Growing up in Southeastern Pennsylvania, I was naturally a Philadelphia Phillies fan. Over the summer of my eighth year, I watched my team soar to a 6 1/2 game lead in the National League on September 20, 1964, with just 12 games to go. Then followed one of the epic collapses in the history of the game, as the Phillies lost 10 games in a row, including seven at home in Connie Mack Stadium, ending the season tied for second place.
The Phillies were led by the power-hitting rightfielder Johnny Callison, with 31 home runs and 104 runs batted in, and the great pitcher Jim Bunning, who was later a rather less great senator from Kentucky. On June 21, 1964, Bunning threw the major leagues’ seventh perfect game, and the first in the National League since 1880.
For fans of the sport of “wait ’til next year,” the brightest spot of the Phillies’ 1964 season was third baseman Dick Allen, who had one of the outstanding rookie years of major league history. Allen led the team with 201 hits, 125 runs, and a .318 batting average; he was second to Callison in homeruns (29) and runs batted in (91). Only Allen and Callison played every game of the season.
At that age, I was not much aware of players’ race, likely owing to the prominence of radio in baseball coverage in those years. I knew that Jackie Robinson had broken baseball’s “color line” when he was called up to the Brooklyn Dodgers in 1947, but I didn’t then know that it was only in 1959 that the last major league team played its first African-American – the Boston Red Sox. The Phillies were the third-to-last team to be integrated, when John Kennedy played five games in April and May of 1957.
Dick Allen was known in baseball as Richie Allen, although he had never gone by “Richie” before. Interestingly, Jackie Robinson’s name was not actually Jackie, but Jack. Those who saw Ken Burns’s documentary on Robinson’s life and career recently on PBS may have noticed that Robinson’s widow, Rachel, consistently referred to Robinson as “Jack.” She reserved “Jackie” for their son, Jack Robinson, Jr., who died before his father, at the age of 24 in an auto accident.
American society has a tendency to treat black men in either of two ways: infantalize them or demonize them. Calling Dick Allen by a diminutive nickname he never used, Richie, seems to me to be a form of infantalization. Calling Barack Obama a post-colonial Kenyan Socialist Muslim is a form of demonization.
The way I remember it, Dick Allen put up with being called Richie for a year or two, but at some point asked to be called Dick – which was, after all, his name. That presumption of even such small request from a black man was enough to move Allen from infantalization to demonization. Allen had stepped out of bounds, at least for Philadelphia Phillies fans of the 1960s.
When I was in grade school, a close friend and I took a train with his father to Philadelphia for a double-header at Connie Mack. It was probably my first baseball game. I don’t remember who the Phillies played. What I remember is that, early in the first game, Allen smashed a line drive that was still rising when it hit the outfield wall. Allen had almost unbelievable power in a baseball age of power hitters. More than once, Allen hit homeruns that cleared the outfield stands. The scout who had recruited Allen once said that Allen was the only hitter he ever saw who hit the ball as hard as Babe Ruth had.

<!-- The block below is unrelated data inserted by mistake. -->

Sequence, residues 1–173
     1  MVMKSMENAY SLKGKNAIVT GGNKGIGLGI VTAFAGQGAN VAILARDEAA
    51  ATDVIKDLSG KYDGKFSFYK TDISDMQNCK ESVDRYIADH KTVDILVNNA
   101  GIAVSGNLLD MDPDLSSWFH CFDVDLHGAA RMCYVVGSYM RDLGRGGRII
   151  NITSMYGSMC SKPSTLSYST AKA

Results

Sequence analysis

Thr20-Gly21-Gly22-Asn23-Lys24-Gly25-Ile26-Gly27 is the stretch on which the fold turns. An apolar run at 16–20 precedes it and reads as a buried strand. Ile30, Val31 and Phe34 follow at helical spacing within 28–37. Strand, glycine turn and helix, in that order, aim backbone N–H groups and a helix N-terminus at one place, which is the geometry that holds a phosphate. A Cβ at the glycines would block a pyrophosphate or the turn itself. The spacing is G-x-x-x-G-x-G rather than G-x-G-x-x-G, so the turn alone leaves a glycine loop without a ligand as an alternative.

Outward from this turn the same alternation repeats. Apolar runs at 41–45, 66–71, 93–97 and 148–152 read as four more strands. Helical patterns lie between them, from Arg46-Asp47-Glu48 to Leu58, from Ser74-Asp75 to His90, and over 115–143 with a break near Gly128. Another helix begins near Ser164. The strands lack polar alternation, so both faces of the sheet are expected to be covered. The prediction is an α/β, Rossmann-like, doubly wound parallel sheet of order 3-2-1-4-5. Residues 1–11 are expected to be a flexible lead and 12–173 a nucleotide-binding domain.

Allen’s next at bat came during a Phillies rally. Callison had doubled, prompting wild home-crowd cheers, but as Allen came to the plate the cheers turned to boos. At the age of 10 or 11, I couldn’t understand why home fans would boo their greatest power hitter, coming to the plate after smashing a drive off the outfield wall. It made no sense.
But of course it did make sense, in the context of 1960s Philadelphia. The Philadelphia Inquirer once called Allen “the most booed man in Philadelphia from April to October.” In that context, almost anything Allen did was a provocation – like asking to be called by his actual name.
Once Frank Thomas, a teammate with a history of making racial remarks, swung a bat at Allen, provoking a fistfight. The Phillies punished Thomas by releasing him the next day, but they prohibited Allen from speaking about the incident. Since Thomas was no longer on the team, he was free to talk, but Allen was not free to respond – and what Phillies fans heard was that the arrogant black player had gotten a white player fired.
Eventually, Phillies’ fans’ verbal abuse of Allen took physical form. Fans pelted Allen with coins, cups, ice, and whatever else was handy. Allen took to wearing his batting helmet in the field, for protection from his own team’s fans.
By resolution of the Philadelphia City Council, the City of Philadelphia recently apologized to Jackie Robinson for the horrific treatment Robinson got in 1947 from the Phillies and their fans. That’s a great thing – the apology was hard-earned and badly overdue. I’m sure Rachel Robinson appreciated it.
But the City of Philadelphia has more work to do. Dick Allen deserves his City Council resolution too.